Conntecting the Dots

The Poor

I’m in Ontario this week, doing a Girls Night Out speaking tour sponsored by Faith Life Financial and World Vision. I’ve done several dozen such events in the past three years, and I find it fascinating to see how different communities respond to an invitation/challenge for child sponsorship.

My family has sponsored children through World Vision for nearly 15 years. Presently we have an 8-year-old boy, Ankit, in India and a 12-year-old girl in Nepal. Two years ago, we had the privilege of meeting Ankit and his family. I tell ya, the joy level in my heart that day nearly went through the roof. 

I will always cherish the memory of holding Ankit on my lap and seeing the delight on his face when we shared balloons and candy with him and his friends. I’ll always remember the moment he ducked into his mud-and-rock house and returned with the Christmas card I’d sent him three months prior. And I will also cherish the memory of speaking with his mother. Our hearts truly connected that day. After all, we share the same goal of trying to make life better for her little boy.

When I speak on behalf of millions of impoverished children around the world, I challenge Canadians to value what God values. Scripture contains more than 2,000 references to helping the poor, the orphans, and the widows. His heart breaks for them; ours ought to break, too, and we ought to do what we can to help in practical ways. Isn’t that what pure and undefiled religion is all about?

In some communities, I see women respond with open hands. They “get” it. They understand the need and they do something about it, even if it means giving sacrificially. In other places, I see them respond with skepticism. On this tour, one little girl – maybe 10 years old – said to her mom, “We should sponsor a child. Let’s do this, okay?” The mother replied, “No, it’s just a scam.” Ouch.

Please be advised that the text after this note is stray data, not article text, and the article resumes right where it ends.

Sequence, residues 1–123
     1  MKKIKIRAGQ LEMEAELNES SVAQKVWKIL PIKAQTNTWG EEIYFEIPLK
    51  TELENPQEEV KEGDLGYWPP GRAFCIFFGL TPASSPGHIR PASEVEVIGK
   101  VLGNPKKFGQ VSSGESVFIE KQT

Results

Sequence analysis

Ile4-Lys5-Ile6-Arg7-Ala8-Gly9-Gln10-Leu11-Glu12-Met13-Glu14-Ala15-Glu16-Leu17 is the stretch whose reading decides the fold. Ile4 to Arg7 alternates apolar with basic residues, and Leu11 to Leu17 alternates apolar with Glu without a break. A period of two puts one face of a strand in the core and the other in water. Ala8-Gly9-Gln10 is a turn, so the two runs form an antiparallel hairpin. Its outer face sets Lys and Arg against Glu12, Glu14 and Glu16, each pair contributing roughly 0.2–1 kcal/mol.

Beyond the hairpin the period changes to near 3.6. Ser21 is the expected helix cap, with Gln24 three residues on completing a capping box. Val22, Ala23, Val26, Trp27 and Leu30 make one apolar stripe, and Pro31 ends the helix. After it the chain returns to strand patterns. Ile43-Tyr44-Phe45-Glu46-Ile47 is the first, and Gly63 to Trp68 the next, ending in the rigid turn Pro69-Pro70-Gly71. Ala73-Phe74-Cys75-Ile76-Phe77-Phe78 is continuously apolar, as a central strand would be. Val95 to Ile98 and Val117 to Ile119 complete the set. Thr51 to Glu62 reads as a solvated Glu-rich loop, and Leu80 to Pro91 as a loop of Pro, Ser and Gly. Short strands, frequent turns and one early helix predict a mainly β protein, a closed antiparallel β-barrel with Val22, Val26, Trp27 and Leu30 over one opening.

When I heard that, something inside me rose up and wanted to say, “Tell that to a child who goes to bed hungry every night, or to his mother who watches helplessly as her child dies of malnutrition or water-related disease. Or tell that to the national World Vision staff dedicated to working in these needy areas despite the sacrifices required of them to do so.”

This morning I read Daniel 4:27 – “Break from your wicked past by being merciful to the poor. Perhaps then you will continue to prosper.” This verse suddenly takes on a whole new meaning for me. It makes me wonder how much of our sinful behavior is dictated by selfishness – a desire for convenience, comfort, instant gratification, and so forth. However…

Being merciful to the poor means we take our eyes off ourselves and our wants. We focus on the needs of others and do what we can to meet those needs. We start thinking about what really matters to God and to eternity.  We break from our sinful behavior and start living in a manner that pleases the Lord. And when we do that, perhaps we prosper in unexpected ways. After all, God says we reap what we sow.

As for me, I’m going to sow into eternity. I’m going to continue being a voice for those who cannot speak for themselves…those millions of kids living in poverty, affected by HIV/AIDS, struggling with diseases for which there are no easy answers in their situations. I’m going to continue asking God to break my heart over what breaks His. And I’m going to keep praying for God to move the hearts of Canadian women to value what He values.

How about you? In whatever circumstances are yours, how can you show mercy to the poor?

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